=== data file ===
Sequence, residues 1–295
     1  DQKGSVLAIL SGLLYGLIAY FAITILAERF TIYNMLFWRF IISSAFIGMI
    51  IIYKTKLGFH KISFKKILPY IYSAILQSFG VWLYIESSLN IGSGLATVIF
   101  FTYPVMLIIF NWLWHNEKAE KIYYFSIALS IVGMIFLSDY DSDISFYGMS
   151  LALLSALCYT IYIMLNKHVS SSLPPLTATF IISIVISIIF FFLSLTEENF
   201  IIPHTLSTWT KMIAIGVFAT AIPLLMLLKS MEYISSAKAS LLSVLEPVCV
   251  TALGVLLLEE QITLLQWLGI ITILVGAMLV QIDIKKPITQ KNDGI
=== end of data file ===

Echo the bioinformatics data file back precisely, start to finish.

Sequence, residues 1–295
     1  DQKGSVLAIL SGLLYGLIAY FAITILAERF TIYNMLFWRF IISSAFIGMI
    51  IIYKTKLGFH KISFKKILPY IYSAILQSFG VWLYIESSLN IGSGLATVIF
   101  FTYPVMLIIF NWLWHNEKAE KIYYFSIALS IVGMIFLSDY DSDISFYGMS
   151  LALLSALCYT IYIMLNKHVS SSLPPLTATF IISIVISIIF FFLSLTEENF
   201  IIPHTLSTWT KMIAIGVFAT AIPLLMLLKS MEYISSAKAS LLSVLEPVCV
   251  TALGVLLLEE QITLLQWLGI ITILVGAMLV QIDIKKPITQ KNDGI